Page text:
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Painful stimulation of a sensitized site in the forearm inhibits ipsilateral trigeminal nociceptive blink reflexes

Drummond, P.D., Bell, A. and Vo, L.ORCID: 0000-0002-2714-5387 (2018) Painful stimulation of a sensitized site in the forearm inhibits ipsilateral trigeminal nociceptive blink reflexes. Experimental Brain Research, 236 (7). pp. 2097-2105.

Link to Published Version: https://doi.org/10.1007/s00221-018-5255-x
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Abstract

Exposure to moderate levels of ultraviolet B radiation (UVB) is painless but nevertheless induces an inflammatory response that sensitizes primary afferent nociceptors. Subsequently, heating the UVB-treated site can sensitize spinal nociceptors. We used a repeated-measures design to determine whether heating the UVB-treated site also triggers ipsilateral inhibitory controls. Specifically, a 2-cm diameter site on the forearm of 20 participants was exposed to UVB at twice the minimum erythema dose. 48 h later mechanical and thermal sensitivity had increased at the UVB-treated site, indicating primary hyperalgesia. In addition, sensitivity to blunt pressure had increased in the ipsilateral forehead, implying activation of an ipsilateral supra-spinal pro-nociceptive mechanism. Despite this, the area under the curve of the ipsilateral nociceptive blink reflex decreased when the UVB-treated site was heated to induce moderate pain. Together, these findings suggest that the UVB treatment sensitized primary nociceptive afferents and generated an ipsilateral supra-spinal pro-nociceptive mechanism. In addition, sensitization to heat induced by the UVB treatment strengthened an ipsilateral anti-nociceptive process elicited by heat-pain. Infrequent but enduring discharge of sensitized primary nociceptive afferents, driven by inflammation after UVB exposure, might initiate a lateralized supra-spinal pro-nociceptive influence that heightens awareness of impending harm on the sensitized side of the body. In addition, a lateralized anti-nociceptive response triggered by an intense barrage of nociceptive signals may help to differentiate stronger from weaker sources of pain.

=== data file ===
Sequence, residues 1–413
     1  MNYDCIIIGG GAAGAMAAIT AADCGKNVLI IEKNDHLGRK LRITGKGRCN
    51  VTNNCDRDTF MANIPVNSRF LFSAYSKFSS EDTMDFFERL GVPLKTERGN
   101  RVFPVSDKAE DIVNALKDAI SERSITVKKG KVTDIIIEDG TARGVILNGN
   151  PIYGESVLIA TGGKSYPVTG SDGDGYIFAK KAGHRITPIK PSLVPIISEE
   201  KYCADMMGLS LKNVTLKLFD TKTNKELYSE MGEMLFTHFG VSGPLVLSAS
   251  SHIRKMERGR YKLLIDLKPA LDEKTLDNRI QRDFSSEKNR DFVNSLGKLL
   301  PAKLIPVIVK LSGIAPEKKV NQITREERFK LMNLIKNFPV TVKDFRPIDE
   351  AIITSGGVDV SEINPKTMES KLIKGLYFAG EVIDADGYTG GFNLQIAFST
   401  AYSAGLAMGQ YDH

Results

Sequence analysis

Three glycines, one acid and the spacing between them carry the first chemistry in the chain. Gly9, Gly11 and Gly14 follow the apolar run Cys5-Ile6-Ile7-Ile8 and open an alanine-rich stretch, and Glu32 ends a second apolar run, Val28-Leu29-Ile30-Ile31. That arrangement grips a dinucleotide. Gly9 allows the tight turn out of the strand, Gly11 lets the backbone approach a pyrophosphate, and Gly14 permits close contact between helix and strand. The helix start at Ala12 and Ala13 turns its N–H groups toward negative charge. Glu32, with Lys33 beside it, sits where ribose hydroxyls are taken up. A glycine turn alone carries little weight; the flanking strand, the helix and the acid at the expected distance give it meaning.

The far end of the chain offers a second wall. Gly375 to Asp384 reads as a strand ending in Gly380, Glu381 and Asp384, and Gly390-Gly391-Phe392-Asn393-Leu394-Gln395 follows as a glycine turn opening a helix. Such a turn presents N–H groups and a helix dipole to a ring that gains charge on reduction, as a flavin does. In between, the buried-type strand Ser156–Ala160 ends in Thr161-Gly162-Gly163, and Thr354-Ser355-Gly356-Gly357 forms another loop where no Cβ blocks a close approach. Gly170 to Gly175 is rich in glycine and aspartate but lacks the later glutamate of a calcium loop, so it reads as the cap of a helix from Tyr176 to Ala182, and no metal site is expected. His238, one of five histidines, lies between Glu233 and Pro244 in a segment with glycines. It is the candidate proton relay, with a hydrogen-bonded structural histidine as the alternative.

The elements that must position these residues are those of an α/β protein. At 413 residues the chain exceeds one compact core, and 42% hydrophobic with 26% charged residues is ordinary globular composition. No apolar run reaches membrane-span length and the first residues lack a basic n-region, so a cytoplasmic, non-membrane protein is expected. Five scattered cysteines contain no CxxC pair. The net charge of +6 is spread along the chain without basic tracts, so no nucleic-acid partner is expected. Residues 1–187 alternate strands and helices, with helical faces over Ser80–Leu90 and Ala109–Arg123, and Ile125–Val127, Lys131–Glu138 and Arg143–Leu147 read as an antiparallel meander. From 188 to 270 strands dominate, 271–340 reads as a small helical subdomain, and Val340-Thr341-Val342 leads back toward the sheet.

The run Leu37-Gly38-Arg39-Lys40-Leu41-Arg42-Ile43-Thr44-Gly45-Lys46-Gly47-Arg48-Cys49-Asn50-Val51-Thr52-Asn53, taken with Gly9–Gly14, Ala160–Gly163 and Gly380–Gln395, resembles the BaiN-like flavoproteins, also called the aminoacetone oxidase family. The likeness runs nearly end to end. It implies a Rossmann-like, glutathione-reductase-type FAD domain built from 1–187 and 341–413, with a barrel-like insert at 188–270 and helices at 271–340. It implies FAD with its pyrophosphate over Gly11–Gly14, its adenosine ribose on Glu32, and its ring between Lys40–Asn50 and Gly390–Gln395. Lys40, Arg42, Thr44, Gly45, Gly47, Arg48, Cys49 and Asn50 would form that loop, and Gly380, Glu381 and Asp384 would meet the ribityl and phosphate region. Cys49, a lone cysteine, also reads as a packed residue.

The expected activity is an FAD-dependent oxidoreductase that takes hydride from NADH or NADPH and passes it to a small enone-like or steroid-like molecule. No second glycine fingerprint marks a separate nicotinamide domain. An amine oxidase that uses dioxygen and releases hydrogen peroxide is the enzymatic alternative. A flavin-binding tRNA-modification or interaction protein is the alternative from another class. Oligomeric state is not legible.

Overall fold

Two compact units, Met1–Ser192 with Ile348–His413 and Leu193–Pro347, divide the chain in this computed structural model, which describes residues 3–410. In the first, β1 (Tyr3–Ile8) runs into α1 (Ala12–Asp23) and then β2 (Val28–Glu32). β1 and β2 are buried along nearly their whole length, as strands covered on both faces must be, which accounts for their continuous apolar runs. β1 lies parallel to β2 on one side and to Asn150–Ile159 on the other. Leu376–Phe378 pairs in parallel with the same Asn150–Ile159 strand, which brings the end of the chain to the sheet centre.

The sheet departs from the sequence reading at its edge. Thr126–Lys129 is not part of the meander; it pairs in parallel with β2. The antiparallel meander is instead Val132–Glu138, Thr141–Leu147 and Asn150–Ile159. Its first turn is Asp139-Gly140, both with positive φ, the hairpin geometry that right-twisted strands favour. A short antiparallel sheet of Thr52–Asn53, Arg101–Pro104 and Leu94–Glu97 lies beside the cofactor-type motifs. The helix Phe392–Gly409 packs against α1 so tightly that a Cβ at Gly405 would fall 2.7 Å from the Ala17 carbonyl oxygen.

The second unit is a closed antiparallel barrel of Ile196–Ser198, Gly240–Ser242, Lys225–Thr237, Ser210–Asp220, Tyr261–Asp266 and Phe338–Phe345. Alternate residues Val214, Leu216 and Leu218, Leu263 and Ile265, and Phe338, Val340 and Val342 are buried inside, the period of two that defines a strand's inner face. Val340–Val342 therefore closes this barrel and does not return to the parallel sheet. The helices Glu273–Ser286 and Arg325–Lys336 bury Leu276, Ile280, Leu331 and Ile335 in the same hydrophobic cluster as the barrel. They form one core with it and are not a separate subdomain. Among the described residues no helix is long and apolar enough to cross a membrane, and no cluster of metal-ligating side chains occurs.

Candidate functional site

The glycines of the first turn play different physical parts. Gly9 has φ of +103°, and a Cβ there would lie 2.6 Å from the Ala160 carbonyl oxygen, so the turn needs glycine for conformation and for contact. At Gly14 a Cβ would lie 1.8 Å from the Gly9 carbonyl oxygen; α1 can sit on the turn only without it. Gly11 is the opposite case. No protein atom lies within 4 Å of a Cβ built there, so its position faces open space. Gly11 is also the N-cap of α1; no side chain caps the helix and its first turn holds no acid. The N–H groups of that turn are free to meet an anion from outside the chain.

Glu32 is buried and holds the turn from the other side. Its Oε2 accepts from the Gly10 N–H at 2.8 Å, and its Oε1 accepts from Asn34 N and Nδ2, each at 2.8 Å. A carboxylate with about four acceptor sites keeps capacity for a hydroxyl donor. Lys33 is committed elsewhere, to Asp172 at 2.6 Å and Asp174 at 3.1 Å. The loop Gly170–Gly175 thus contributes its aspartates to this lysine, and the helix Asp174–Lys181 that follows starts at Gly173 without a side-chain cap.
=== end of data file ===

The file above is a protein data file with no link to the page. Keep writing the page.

Item Type: Journal Article
Murdoch Affiliation: School of Psychology and Exercise Science
Publisher: Springer
Copyright: © 2018 Springer-Verlag GmbH Germany, part of Springer Nature
URI: http://researchrepository.murdoch.edu.au/id/eprint/40980
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